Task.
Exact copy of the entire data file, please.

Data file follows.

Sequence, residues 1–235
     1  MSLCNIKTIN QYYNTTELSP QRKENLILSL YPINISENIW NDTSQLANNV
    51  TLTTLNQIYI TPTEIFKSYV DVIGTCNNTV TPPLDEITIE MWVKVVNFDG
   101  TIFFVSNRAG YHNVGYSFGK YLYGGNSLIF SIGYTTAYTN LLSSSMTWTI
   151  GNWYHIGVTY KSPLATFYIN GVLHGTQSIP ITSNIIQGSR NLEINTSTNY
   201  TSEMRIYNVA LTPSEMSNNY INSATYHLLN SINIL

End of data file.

Sequence, residues 1–235
     1  MSLCNIKTIN QYYNTTELSP QRKENLILSL YPINISENIW NDTSQLANNV
    51  TLTTLNQIYI TPTEIFKSYV DVIGTCNNTV TPPLDEITIE MWVKVVNFDG
   101  TIFFVSNRAG YHNVGYSFGK YLYGGNSLIF SIGYTTAYTN LLSSSMTWTI
   151  GNWYHIGVTY KSPLATFYIN GVLHGTQSIP ITSNIIQGSR NLEINTSTNY
   201  TSEMRIYNVA LTPSEMSNNY INSATYHLLN SINIL